The Good Dinosaur Review: The Bland Movie

Chad White
Loves: Pixar and I don’t care who knows gosh darn it
Likes: A good looking movie
Dislikes: A good looking movie with no substance
Hates: Lucy from The Peanuts

You have to get through your fear to see the beauty on the other side.

Beautiful but boring. Pretty but empty. Gorgeous but gone. These are the phrases I would use to describe Pixar’s latest effort, The Good Dinosaur. Taken the movie’s tumultuously complicated path to creation, it’s no wonder Pixar had trouble with putting together this striking albeit familiar tale. Everything about this movie is textbook Pixar, both in good and bad ways. On one hand, you have a world previously unseen, landscapes that capture the majesty of a vast, dinosaur filled Earth and some of the best water visuals ever. But then the good parts are overshadowed by the vanilla story, two dimensional characters and various moments of boring sprinkled throughout.

The movie follows Arlo, a young dinosaur trying to live up to his parents’ expectations. They love him and his siblings equally but Arlo has yet to be the dino he wants to be. Then Arlo’s dad dies and Arlo must grow up. But, when he is suddenly separated from his home, he must trek across an unknown world with his newfound human friend, the dog-like Spot. Given the synopsis, you can kind of guess the ending already. However, it’s not about the beginning and the end – it’s about the journey in between. And that journey is slow but methodical. Arlo learns what it means to face his fears, something his dad wanted him to do before he passed. The cast is somewhat lackluster compared to other Pixar movies. The young Raymond Ochoa voices the scaredy-cat Arlo and does a good performance. The cast also includes Frances McDormand, Jeffrey Wright, Sam Elliot, Anna Paquin, and Steve Zahn as the de facto semi-antagonist.

Visually the movie is stunning with shots of big, beautiful landscapes. Forests are lush with defining green hues that can probably only be captured in CGI form. And the previously mentioned water effects are so good. When the rivers are calm, the sun shines perfectly off of them giving a shimmering effect akin to…well, water. But a rushing deadly river is murky and devilishly evil. The stars capture an unpolluted and bright night while the fireflies contrast with their sharp greens and fluttering effects. In short, The Good Dinosaur looks amazing.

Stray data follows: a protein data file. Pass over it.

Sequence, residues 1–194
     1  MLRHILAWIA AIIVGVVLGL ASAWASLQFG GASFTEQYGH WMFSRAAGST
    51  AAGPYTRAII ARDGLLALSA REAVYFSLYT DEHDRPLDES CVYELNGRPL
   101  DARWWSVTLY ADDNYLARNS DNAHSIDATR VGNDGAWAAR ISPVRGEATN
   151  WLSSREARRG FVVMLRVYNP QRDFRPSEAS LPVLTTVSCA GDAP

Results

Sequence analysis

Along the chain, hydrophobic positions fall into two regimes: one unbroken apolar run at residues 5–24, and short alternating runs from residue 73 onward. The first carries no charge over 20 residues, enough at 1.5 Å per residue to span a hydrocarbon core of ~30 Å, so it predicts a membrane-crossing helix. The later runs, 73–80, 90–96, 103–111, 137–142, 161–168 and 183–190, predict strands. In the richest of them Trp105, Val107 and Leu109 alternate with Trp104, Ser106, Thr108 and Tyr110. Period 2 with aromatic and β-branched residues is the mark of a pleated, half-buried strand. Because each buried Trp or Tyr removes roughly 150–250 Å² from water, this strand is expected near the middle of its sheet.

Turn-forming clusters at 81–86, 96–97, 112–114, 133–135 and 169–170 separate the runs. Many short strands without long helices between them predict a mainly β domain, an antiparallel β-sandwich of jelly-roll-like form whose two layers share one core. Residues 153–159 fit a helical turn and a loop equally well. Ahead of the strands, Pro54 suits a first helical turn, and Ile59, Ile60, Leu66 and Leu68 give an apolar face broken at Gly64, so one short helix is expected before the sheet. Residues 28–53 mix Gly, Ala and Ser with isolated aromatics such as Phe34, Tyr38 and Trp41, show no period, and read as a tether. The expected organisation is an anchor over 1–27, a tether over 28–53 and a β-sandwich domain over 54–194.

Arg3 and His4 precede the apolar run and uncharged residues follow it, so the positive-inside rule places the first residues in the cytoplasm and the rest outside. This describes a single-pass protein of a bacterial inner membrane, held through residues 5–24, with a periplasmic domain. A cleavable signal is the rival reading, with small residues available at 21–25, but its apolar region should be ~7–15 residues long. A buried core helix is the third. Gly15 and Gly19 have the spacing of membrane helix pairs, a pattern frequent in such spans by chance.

Writer Meg LeFauve and director Peter Sohn have separate track records that rival some of the best in the industry. LeFauve wrote Pixar’s other 2015 film Inside Out while Sohn is known for his previous Pixar work from Finding Nemo to The Incredibles to Partly Cloudy. However, it seems the long production time of The Good Dinosaur proved to be the real culprit. Nothing really comes together from the story or characters. Instances in the movie seem to just play out. That’s it. Nothing comes from anything. The story pace is interesting though. It’s admittedly slower than anything else the company has put out. And it kind of plays in the movie’s favor. While we don’t get to explore characters fully (Sam Cook’s wonderful Butch the T-Rex is an example), we get a lot of bonding between Arlo and Spot. While this movie is better than say Planes or Cars 2, it’s kind of disappointing to see Pixar falter with their first wholly original idea.

Should you watch The Good Dinosaur?

This is tough. The movie looks good and it has pacing unseen in other Pixar efforts but it’s very unimportant when compared to said efforts. Each one of Pixar’s movies stands out whether it be Cars’ visuals or Ratatouille’s heart. But The Good Dinosaur feels cobbled together. It’s as if Dreamworks worked really hard to make a Pixar movie and used Blue Sky’s casting in order to do so. So, in the end, watch it once but you probably won’t want to touch it again.